How much does dental really cost?
Turned off by dental costs? Find out how much you should be paying for these 5 common dental procedures.
If you're an Australian, there's a good chance the dentist doesn't feature regularly on your to-do list. It's a fact: a tenth of us don't visit our tooth doctor as regularly as we should, leading to problematic oral hygiene and associated health conditions.
Most of this can be explained by the fact that shopping around for a dental procedure, no matter how simple, results in a frustrating cascade of seemingly random quotes from different dentists. Unlike Medicare-regulated services like expensive surgeries, dental fees aren't standardised and are mostly kept down by competition between individual dentists.
This means the price you pay for a filling, for example, will depend on the method used, the dentist you see, and even where you live, with AIHW reporting that ACT residents paying more than twice as much in dental fees than South Australian households. So to help you get a handle on what's reasonable to pay, here are the costs for five common dental procedures, based on data from the 2018 Australian Dental Association's (ADA) Annual Fee Survey.
1. Routine dental check-up
Cost: $230 - $320
Involves: Comprehensive examination, scale and clean, remineralising (fluoride).
This is your standard check-up and clean whenever you go to see your dentist. The ADA recommends that healthy adults only need to visit every 1-2 years, but over 10% of the population are put off from even routine visits because of the high cost. Worse, if your dentist decides you need X-rays for whatever reason, that's going to add another $100 to your bill.
Unfortunately, putting off check-ups can lead to much, much heavier costs later on if problems aren't caught early.
Cost: $160 - $240 (simple filling); $300 - $460 (complex filling).
Involves: Filling adhesive.
A filling can help restore the shape and function of your tooth when it's been damaged by decay or trauma, like chipping it on a fork. They come in a range of materials, from composite resin to porcelain and even gold. If the pulp inside your tooth gets infected, you may have to undergo a root canal before your filling is installed, potentially boosting the cost up over $600 or $800.
The good news is that while all fillings will need to be replaced eventually, a silver amalgam filling can last for decades, and your regular composite resin filling should last around ten years or more.
3. Crown installation
Cost: $1600 - $2040.
Involves: Porcelain or ceramic-metal mix crown.
A crown is essentially a more extreme (and pricey!) version of a filling where your tooth is too decayed or damaged to hold the filling adhesive. Instead, an entire cap is custom-made for your teeth, and then secured over the remains of your original tooth with dental cement. Crowns themselves can't decay, but the tooth they're covering can, so it's recommended you still include them in your brushing and flossing.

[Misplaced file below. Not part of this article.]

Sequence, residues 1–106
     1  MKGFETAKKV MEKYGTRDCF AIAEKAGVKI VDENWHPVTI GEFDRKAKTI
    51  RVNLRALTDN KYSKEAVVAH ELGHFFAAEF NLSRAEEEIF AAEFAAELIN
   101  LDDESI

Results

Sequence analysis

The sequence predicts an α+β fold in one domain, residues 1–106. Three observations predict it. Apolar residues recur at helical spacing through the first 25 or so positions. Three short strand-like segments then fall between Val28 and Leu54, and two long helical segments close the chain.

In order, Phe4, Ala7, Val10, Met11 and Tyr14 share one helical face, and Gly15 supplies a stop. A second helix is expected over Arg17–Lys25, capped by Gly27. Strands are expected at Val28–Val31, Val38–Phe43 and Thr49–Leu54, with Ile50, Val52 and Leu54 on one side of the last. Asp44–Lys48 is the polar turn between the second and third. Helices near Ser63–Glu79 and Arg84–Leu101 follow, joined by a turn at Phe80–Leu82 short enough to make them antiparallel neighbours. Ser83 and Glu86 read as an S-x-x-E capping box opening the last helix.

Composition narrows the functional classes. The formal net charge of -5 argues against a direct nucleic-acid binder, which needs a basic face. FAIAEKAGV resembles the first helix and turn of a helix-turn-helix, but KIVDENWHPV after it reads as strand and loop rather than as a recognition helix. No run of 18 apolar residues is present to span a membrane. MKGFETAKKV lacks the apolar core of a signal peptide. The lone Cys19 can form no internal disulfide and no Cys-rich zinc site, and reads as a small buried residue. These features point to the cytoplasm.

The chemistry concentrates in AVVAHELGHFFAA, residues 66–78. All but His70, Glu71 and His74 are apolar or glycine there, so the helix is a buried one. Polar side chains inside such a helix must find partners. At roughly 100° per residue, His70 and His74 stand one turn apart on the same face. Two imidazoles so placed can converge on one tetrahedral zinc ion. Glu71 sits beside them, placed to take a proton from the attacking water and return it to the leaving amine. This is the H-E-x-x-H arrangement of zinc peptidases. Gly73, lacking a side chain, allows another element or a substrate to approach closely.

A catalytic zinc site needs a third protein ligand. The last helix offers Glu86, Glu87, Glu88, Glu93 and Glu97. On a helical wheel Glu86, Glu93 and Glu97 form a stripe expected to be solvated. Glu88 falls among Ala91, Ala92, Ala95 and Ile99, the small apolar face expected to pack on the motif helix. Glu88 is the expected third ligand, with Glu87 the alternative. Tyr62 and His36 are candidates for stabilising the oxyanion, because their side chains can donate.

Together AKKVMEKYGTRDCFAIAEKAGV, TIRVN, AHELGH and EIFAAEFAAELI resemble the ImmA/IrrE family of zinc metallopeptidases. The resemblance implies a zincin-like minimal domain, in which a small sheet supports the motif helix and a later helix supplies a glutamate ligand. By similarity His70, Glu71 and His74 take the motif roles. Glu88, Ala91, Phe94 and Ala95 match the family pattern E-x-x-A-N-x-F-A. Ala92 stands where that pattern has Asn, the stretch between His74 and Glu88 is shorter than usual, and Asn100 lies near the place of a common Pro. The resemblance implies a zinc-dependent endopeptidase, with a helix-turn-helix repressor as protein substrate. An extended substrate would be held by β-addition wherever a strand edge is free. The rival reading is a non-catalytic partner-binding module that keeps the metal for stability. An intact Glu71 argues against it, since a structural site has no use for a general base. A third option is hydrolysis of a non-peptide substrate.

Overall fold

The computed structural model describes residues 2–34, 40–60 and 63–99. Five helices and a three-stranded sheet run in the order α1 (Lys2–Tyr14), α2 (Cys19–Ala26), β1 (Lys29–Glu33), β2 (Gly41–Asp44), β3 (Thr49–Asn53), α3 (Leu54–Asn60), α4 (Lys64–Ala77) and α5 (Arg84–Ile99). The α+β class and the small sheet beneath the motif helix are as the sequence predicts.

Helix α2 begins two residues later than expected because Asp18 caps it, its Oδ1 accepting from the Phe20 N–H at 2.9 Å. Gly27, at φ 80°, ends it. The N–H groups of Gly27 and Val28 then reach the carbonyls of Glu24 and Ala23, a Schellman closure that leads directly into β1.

Getting a crown is one of the more expensive dental treatments you can get, and needing a root canal will raise it even higher. Around 20% of people visiting dentists in 2017 were unable to get their recommended treatment due to cost.
4. Tooth extraction
Cost: $190 - $280 (simple extraction); $415 - $560 (complex extraction).
Involves: Removal of the tooth, plus a potential X-ray for planning the extraction.
While very few people enjoy having someone poking around in their mouth with sharp instruments, tooth extractions are one of those operations that are plain unpleasant to contemplate. The need for widespread wisdom tooth removal is starting to be questioned but a fair few Australians will still face tooth extraction at some point in their life.
Extractions are usually carried out under local or general anaesthetic and tend to have a relatively long recovery time of about 1 - 2 weeks.
Cost: $1300 - $1960 (upper denture); $2400 - $3800 (full denture).
Involves: Partial or complete acrylic set of teeth.
Dentures are, in many ways, a final dental resort. When it's no longer a matter of replacing or repairing individual teeth, you get a set of false acrylic teeth to replace the ones that you've lost. Dentures these days are more comfortable and enduring than they were in the past, but you'll still pay a mint to get a set crafted for your mouth, fancy chrome plating or not.
How to handle unexpected dental costs
Australians spent $10.2 billion on dental services in 2017, with the average household running up a bill of around $30 monthly. As a result of overly expensive dental care, nearly 2 million people didn't get the treatment they needed in the past year, with low-income households much more heavily affected.
So how can you best handle a big dental bill from procedures like those listed above? Here are a few suggestions:
- Savings. If you can keep an emergency fund in case you need a surprise tooth extraction or something else, your mouth will thank you in the long run. Unfortunately, savings tend to get pulled at from many directions and this can be easier said than done.
- Health insurance. General dental coverage is a standard inclusion on extras policies right across the private health insurance market, so having coverage might save you a bundle. Of course, certain policies might exclude procedures or have insufficient limits, leaving you significantly out of pocket, and coverage often won't kick in until months after you buy it thanks to waiting periods.
- Buy now, pay later (BNPL). We've all heard of BNPL in the retail world, but you can use it for a ton of other stuff, too. Companies like humm will allow you to BNPL for services up to $30,000, including dental treatments. Just remember that while you may not be charged interest, it's still a loan and you'll have to pay the money back eventually.
Pictures: Getty Images
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